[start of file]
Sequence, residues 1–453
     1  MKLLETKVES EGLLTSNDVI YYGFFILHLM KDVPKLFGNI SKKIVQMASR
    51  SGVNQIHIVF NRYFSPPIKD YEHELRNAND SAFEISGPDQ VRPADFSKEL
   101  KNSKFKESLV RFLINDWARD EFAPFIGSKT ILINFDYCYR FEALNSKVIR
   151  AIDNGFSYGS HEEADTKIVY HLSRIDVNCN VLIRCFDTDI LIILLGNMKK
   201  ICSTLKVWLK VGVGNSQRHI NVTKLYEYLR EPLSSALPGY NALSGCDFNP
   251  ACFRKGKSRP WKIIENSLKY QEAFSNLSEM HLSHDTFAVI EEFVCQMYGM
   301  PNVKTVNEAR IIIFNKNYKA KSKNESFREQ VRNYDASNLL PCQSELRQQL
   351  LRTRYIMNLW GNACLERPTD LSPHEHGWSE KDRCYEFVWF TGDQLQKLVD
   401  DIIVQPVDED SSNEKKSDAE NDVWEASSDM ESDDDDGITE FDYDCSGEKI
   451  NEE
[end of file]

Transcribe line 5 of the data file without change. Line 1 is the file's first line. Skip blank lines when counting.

   151  AIDNGFSYGS HEEADTKIVY HLSRIDVNCN VLIRCFDTDI LIILLGNMKK